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Volume 6822
Wartime Journals of Correspondent Edgar Rice Burroughs :: December 1942-April 1943
or Buck Burroughs Rides Again

Written April 1943 ~ Copyright ERB, Inc.
Shared by Danton Burroughs from his Burroughs Family Archive
Transcribed and Illustrated for ERBzine by Bill Hillman

New Caledonia: January 10 and 11

. . . a couple of hundred miles farther, which wouldn't get it much of anywhere. And if I had to walk for eight and a half months! I'm all worn out just thinking about it.

We landed at Tontouta at 4:00  P.M., and got a ride to Noumea in an Army truck -- seats along either side, facing each other, the seats being wooden planks. No top on the truck. It was an hour of damned hard riding, during which it rained intermittently.

My friends at the Grand Hotel du Pacifique seemed glad to see me, and I was glad to see them. Hal Thompson was still there. Odd, but it seemed like coming home. That is not so strange, either; as the Grand Hotel du Pacifique is as near to a home as I have, anyway.

Last November, the Navy ordered me out of my office in Honolulu -- just like that! It is the lovely way the Navy has of making friends and influencing people. They said that if I refused to move, they would put me out. As I recall it, they gave me about a week to vacate. Notwithstanding the fact that my rent was paid up to the first of the following month. To say that I was sore as hell, doesn't half express it. Anyhow, I am still occupying the office.

The foregoing is merely by way of leading up to what happened immediately after supper that evening just as another proof of how small the world is. Some one introduced me to half a dozen Navy officers. They were all drunk as lords, including the commander among them. When they got my name, they fell on my neck as though I were a long lost brother. It seems that they were among the bunch for whom I had been ordered to give up my office. They congratulated me for not giving it up.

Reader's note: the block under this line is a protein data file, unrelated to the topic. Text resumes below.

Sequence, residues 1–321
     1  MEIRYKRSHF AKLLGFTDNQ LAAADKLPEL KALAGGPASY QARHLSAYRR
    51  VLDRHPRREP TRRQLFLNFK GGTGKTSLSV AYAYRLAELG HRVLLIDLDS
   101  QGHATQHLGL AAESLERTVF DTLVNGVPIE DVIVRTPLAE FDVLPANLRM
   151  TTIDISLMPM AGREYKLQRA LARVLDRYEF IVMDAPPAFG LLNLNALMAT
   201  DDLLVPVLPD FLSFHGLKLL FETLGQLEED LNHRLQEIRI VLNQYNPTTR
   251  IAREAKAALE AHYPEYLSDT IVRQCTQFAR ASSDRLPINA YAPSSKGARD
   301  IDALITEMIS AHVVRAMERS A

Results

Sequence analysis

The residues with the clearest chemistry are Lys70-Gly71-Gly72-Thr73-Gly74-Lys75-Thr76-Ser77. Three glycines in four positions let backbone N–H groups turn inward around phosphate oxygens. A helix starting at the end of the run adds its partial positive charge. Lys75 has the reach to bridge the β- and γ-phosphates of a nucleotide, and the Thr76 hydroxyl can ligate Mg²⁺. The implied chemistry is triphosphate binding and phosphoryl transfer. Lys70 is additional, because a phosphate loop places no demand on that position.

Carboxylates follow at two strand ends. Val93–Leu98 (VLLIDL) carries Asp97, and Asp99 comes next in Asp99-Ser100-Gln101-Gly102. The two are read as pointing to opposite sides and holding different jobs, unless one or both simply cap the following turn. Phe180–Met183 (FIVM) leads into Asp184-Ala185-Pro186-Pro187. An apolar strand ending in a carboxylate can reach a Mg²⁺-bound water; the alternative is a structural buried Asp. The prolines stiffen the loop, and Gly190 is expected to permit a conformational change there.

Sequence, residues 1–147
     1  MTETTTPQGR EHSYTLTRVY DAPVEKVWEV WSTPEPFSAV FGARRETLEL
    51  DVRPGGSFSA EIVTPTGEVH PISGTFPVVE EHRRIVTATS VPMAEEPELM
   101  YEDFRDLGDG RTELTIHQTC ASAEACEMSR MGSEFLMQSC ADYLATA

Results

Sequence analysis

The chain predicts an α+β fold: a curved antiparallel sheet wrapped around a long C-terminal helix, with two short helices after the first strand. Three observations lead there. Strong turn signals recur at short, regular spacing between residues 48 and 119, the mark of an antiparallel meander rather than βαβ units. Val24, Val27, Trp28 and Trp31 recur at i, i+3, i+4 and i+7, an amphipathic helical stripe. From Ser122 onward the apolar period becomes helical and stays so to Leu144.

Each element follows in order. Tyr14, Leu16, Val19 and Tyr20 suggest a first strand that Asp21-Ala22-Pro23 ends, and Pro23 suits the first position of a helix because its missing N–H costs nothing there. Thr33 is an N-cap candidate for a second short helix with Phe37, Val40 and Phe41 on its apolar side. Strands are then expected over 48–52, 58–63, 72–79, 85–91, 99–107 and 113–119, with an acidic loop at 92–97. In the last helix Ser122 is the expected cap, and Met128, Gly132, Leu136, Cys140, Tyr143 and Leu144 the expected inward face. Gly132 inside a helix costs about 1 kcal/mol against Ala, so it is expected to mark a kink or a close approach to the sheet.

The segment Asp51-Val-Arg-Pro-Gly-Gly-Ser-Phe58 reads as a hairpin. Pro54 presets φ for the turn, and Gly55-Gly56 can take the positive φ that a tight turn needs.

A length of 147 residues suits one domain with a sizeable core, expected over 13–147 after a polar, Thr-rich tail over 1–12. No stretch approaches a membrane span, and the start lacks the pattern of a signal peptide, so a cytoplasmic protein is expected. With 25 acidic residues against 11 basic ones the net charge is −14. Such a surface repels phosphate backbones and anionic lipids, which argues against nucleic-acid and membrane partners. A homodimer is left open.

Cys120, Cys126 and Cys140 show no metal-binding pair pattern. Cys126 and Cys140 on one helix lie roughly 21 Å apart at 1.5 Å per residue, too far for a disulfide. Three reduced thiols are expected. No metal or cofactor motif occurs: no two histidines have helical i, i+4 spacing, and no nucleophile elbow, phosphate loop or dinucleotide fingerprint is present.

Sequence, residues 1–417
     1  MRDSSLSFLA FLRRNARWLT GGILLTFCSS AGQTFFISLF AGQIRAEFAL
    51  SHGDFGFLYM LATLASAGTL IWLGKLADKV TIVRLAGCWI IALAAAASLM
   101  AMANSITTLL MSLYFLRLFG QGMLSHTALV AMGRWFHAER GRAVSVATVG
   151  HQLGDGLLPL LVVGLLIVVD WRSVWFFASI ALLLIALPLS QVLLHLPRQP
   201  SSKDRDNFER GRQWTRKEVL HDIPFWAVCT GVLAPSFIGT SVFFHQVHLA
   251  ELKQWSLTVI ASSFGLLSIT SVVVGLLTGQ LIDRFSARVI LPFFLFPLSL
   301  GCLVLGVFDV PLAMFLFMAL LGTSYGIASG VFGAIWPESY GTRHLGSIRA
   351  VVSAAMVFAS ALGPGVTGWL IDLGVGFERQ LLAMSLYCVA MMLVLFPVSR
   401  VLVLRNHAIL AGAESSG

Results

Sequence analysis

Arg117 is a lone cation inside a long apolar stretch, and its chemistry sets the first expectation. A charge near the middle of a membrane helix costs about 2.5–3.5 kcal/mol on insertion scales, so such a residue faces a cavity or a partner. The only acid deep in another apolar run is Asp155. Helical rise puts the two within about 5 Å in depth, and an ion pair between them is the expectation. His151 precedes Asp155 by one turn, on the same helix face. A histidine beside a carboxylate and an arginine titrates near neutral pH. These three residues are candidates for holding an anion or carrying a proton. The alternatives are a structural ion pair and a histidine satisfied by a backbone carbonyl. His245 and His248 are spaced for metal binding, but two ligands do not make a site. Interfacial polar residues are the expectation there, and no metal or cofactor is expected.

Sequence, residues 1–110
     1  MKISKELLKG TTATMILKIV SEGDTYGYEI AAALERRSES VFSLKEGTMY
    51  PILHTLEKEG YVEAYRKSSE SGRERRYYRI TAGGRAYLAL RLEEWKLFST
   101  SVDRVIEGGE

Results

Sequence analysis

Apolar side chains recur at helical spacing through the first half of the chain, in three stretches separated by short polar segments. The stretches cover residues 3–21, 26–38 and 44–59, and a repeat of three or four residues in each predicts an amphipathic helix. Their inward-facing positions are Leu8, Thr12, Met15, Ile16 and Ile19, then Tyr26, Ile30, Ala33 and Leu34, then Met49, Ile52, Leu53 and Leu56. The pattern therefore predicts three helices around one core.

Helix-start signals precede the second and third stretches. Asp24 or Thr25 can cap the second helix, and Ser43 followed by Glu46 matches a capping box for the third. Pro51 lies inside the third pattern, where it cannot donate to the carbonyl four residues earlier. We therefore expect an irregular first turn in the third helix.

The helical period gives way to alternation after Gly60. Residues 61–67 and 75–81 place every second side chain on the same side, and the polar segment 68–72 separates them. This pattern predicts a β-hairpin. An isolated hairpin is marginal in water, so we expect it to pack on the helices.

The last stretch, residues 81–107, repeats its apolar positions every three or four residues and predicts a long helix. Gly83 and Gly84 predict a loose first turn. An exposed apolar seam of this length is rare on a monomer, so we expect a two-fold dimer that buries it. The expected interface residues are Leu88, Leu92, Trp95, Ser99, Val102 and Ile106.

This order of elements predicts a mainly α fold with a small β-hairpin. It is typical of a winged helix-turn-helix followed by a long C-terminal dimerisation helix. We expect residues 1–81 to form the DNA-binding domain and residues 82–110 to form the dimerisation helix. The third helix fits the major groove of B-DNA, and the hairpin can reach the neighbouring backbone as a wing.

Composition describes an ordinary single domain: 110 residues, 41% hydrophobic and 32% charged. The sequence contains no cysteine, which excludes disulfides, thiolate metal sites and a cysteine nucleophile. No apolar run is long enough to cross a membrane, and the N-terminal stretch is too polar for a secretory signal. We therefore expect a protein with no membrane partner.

Eddie, the Mess Steward, put a cot in Room 12 on the second floor for me. There were two beds in the room in addition to my cot. Capt. Raymond Flovor, 164th Inf., of Fargo, No. Dak., was one of my roommates. The other, whose name I cannot recall, was a major in the Medical Corps, and had formerly practiced dentistry in Hollywood with an office at the corner of Vine Street and Hollywood Boulevard. Sorry I can't recall his name, as we became very well acquainted and when I was leaving he gave me a suit o pajamas. Hulbert had rationed me to one suit, and I couldn't buy any in Noumea.

The next day (January 11) I went to Base Motor Pool immediately after breakfast, and thanks to Major Harold Brown QMC of Everett, Mass., and Capt. G.A. Fallington of New Port Richey, Fla., I was issued another jeep; but I had to wait while they rebuilt it. It had a crooked windshield and not rear sigh mirror; and, of course, none of the instruments worked. But I was very fortunate to get any transportation. There were a lot of colonels who couldn't get jeeps. This will make Hulbert furious, but I wasn't mad.

After dinner I drove out to Dumbea Valley to a Pack artillery outfit and introduced myself to Lt. Thomas P. Montgomery of Opelika, Ala., who took me to meet Major James Taylor, Jr., of La Junta, Colo., who commanded the outfit , the 97th F.A.Bn. I talked with a number of his men, and he invited me to come out again on Wednesday and go out with one of his batteries. He wanted me to come in time for breakfast.

After supper, the Noumea Chowder and Marching Club held a meeting in Col. Hayward's quarters. There were six of us. They are a nice bunch, but they play silly poker -- Base Ball, Spit in the Ocean, wild cards, and a lot of strange forms of poker the names of which I can't recall. We had a pleasant evening but not a particularly prosperous one for me I came out about even.

Rare Edgar Rice Burroughs WWII Photos
Col. David Taylor shares eight photos of ERB as a WWII correspondent
from the National Archives in Washington, DC.

Just 1,500 km off the Eastern coast of Australia lies the 3rd largest island in the Pacific Ocean
after Papua New Guinea and New Zealand: New Caledonia.
In World War II, New Caledonia became an Allied Base, welcoming over 50,000 American troops fighting in the Pacific.
During the tactical offensive of the U.S. forces throughout 1943, New Caledonia
emained a steppingstone in the supply line to the forces fighting up the Solomon-New Guinea ladder.


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